Grab a cup of coffee and a piece of cake. This is a long one.
A million years ago, I commented on a post about iPod weddings on the Broke Ass Bride. Dana, the blogger, understands what it’s like to be a broke bride and gave some tips on how to pull off the iPod wedding. I was thankful for the info since I’m a little worried about this whole endeavor.
Last week, someone replied to my comment.
Where the heck do you live that you are looking at a $1500 DJ? Seriously… We DJ on a regular basis and have NEVER asked for that much. And yes, we are professionals! Go to youtube and type in “Ipod wedding nightmare”. Then go to ADJA.com and type in the same thing. Good luck is all that I can say to anyone that attempts it! You will need to hire someone (or appoint someone and pray they are trustworthy) to lead your wedding regardless of the music. No umms or ahhhhhhhhs. How unprofessional! Good luck…
I tried to be polite as to not incite a riot on Dana’s blog, but I did make clear that on Long Island, these are typical DJ costs. I’ve defended the iPod wedding on a number of occasions. I’d say 99 percent of the time I’m defending the iPod wedding against someone in the wedding entertainment industry. Ya know, the same people who are losing business because broke people like myself are DIY-ing our music. These people who trash the iPod wedding have a HUGE stake in making you feel like you’re making a giant mistake.
And honestly, I’m getting a little sick of it.
In general, I don’t believe that an iPod can replace a DJ. I believe that DJ’s provide a very valuable service, one that is better left to a professional. Most people don’t have the equipment, talent or software to handle the music at their own wedding. I wouldn’t encourage the iPod wedding to those that are completely clueless. But, I also wouldn’t encourage putting yourself into debt JUST to have a DJ. If you can’t afford it, then do as much research as you can, talk to people and have a blast putting together your wedding playlist.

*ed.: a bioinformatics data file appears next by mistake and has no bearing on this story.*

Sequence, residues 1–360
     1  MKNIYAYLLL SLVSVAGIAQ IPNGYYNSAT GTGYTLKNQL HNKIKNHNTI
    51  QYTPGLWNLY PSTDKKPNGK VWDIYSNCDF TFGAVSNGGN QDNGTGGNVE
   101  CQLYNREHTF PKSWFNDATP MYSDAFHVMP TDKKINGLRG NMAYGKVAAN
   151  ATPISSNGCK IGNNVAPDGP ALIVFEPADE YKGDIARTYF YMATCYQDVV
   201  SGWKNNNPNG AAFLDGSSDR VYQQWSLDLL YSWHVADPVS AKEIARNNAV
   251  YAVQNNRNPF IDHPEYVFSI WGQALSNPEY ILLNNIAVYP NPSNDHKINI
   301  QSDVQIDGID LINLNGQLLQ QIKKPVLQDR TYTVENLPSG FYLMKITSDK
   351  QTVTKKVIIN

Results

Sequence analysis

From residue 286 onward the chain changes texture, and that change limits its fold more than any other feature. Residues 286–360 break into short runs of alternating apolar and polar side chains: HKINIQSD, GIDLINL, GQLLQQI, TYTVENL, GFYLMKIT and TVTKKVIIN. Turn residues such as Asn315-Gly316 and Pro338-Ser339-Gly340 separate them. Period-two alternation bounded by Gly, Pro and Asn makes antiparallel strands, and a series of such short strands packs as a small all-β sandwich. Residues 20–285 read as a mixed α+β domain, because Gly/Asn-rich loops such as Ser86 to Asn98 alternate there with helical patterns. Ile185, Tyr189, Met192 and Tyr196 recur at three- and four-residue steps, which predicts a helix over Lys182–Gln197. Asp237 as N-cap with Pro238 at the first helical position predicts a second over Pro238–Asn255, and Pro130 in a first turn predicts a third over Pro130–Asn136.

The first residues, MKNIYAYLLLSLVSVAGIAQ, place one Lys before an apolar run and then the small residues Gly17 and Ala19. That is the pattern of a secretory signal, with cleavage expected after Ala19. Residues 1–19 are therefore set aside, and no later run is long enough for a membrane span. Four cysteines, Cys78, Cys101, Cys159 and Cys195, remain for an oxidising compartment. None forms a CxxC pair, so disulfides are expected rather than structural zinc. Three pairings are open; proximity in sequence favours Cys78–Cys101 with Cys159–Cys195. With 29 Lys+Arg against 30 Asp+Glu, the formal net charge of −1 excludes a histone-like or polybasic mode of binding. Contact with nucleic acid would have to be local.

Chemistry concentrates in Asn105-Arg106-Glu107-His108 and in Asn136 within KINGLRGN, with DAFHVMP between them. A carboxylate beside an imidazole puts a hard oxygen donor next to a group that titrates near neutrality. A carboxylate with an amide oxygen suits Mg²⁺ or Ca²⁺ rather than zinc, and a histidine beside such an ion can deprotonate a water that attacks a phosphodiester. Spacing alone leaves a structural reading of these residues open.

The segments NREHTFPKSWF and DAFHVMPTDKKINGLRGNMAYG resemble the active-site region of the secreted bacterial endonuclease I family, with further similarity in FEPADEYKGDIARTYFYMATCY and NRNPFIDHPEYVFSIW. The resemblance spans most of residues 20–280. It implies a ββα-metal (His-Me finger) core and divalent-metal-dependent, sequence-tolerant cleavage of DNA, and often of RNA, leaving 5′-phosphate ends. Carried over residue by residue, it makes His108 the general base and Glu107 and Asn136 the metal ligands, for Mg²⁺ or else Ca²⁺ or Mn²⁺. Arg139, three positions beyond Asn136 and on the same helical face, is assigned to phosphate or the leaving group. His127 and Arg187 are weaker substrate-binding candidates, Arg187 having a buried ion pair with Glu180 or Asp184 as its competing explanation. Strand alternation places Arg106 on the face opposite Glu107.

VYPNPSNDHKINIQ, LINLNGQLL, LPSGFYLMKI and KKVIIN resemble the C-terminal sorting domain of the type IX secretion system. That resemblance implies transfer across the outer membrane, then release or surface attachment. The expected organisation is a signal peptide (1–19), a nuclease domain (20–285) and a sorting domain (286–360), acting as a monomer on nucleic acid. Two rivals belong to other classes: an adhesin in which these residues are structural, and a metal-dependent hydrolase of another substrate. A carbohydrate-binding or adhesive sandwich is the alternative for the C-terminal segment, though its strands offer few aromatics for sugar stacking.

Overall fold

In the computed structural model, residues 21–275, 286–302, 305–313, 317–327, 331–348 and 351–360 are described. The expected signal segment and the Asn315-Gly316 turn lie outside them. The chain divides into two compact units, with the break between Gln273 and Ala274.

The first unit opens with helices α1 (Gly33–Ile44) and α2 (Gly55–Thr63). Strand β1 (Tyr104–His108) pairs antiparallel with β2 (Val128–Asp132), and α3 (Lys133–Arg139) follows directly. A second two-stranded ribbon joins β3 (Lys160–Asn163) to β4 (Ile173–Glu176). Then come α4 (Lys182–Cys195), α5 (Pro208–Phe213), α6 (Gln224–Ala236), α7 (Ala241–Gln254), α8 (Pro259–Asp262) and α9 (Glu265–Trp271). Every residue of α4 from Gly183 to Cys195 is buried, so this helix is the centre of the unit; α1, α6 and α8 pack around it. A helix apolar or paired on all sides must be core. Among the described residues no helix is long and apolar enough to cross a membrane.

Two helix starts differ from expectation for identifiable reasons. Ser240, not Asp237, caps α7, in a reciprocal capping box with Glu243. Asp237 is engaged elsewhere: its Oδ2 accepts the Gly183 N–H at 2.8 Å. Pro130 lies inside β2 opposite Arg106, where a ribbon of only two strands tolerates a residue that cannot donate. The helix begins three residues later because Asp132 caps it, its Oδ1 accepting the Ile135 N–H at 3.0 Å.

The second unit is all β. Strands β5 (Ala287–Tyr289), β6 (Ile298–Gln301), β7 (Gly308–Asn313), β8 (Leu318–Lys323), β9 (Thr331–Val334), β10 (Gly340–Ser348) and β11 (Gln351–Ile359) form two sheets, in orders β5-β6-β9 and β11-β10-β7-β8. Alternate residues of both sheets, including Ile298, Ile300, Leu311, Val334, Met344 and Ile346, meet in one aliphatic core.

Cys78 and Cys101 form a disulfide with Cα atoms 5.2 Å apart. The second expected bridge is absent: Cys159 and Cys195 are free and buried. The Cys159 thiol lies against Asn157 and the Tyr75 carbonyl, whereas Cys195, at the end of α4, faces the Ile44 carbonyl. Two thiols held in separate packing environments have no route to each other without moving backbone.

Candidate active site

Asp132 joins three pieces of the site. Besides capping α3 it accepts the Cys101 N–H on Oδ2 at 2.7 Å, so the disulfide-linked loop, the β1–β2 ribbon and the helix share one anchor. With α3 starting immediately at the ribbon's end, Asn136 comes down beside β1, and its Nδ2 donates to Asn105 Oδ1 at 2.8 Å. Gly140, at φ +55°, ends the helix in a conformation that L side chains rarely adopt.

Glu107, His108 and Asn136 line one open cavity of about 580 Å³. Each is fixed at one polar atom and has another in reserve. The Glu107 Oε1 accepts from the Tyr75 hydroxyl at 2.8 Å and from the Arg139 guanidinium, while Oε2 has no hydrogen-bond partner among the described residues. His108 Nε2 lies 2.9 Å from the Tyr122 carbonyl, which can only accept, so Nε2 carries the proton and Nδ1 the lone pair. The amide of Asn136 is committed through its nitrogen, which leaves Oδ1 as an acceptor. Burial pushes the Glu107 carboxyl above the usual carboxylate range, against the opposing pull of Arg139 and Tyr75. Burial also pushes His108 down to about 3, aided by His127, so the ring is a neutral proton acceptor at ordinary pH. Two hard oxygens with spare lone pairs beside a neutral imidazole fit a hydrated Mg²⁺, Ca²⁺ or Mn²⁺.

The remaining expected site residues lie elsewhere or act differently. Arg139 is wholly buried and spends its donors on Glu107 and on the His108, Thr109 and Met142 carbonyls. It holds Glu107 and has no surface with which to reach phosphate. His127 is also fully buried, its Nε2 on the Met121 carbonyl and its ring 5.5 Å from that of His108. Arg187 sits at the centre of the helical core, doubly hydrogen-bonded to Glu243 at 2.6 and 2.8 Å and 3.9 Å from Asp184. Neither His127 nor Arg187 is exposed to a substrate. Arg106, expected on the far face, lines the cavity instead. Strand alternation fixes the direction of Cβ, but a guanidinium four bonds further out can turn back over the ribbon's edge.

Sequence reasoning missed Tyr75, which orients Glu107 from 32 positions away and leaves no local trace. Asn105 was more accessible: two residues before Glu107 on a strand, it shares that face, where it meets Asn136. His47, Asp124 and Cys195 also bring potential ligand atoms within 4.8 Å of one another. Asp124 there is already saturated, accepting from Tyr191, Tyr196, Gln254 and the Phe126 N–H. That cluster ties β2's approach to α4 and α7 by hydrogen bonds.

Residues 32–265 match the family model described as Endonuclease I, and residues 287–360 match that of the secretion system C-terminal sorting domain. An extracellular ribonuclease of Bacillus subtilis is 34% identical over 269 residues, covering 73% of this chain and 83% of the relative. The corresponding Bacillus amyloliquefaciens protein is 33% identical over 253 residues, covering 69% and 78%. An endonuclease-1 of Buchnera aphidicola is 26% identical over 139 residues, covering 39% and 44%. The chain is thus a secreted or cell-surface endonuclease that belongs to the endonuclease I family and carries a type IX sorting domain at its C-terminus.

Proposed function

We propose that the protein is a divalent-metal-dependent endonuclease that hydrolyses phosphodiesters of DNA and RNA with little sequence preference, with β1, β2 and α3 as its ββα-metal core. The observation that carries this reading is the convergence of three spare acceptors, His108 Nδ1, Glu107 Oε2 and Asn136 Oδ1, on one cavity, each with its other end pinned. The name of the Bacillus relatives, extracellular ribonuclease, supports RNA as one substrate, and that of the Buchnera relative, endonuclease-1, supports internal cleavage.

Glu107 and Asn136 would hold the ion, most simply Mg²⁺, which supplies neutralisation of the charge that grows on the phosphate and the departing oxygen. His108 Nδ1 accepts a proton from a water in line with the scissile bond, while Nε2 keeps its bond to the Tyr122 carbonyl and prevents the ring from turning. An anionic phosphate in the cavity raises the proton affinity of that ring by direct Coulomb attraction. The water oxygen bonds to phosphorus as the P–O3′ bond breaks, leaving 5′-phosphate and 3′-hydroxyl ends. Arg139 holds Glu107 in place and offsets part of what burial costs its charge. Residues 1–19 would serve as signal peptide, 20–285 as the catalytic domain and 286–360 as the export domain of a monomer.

Let me preface my rant by telling you why we decided to iPod our wedding.
We have the equipment and software. As a musician, Chuck has most of the PA equipment necessary to play music for large crowds. He has the software and the skill needed to mix a set of songs into a playable set. We – well, not we, but my friends – have the talent necessary to make announcements, pump people up and force them on to the dance floor. Because of all of these factors, we can comfortably iPod our wedding.
Do I want to iPod my wedding? No. Let’s be realistic, I’d much rather leave this up to a professional than go through the hassle of downloading five hours worth of music and hope to the Powers That Be that my wedding music doesn’t suck. Thankfully, I have very wonderful friends who are amazing behind a mic, but I’m a bit concerned that I won’t have anyone to really be in charge of my music. My attempts to find some random person to pay $100 to essentially sit and do nothing, haven’t been successful. This is the ONLY thing that I’m stressing out about.
But the alternative is paying some guy $1,500 to handle it. We don’t have $1,500. And if we had a spare $1,500 laying around, we’d spend it on rent or a few months of health insurance. That’s what broke people do with their money.
So, now for my rant, based on what I’ve seen from the weddings I’ve been to: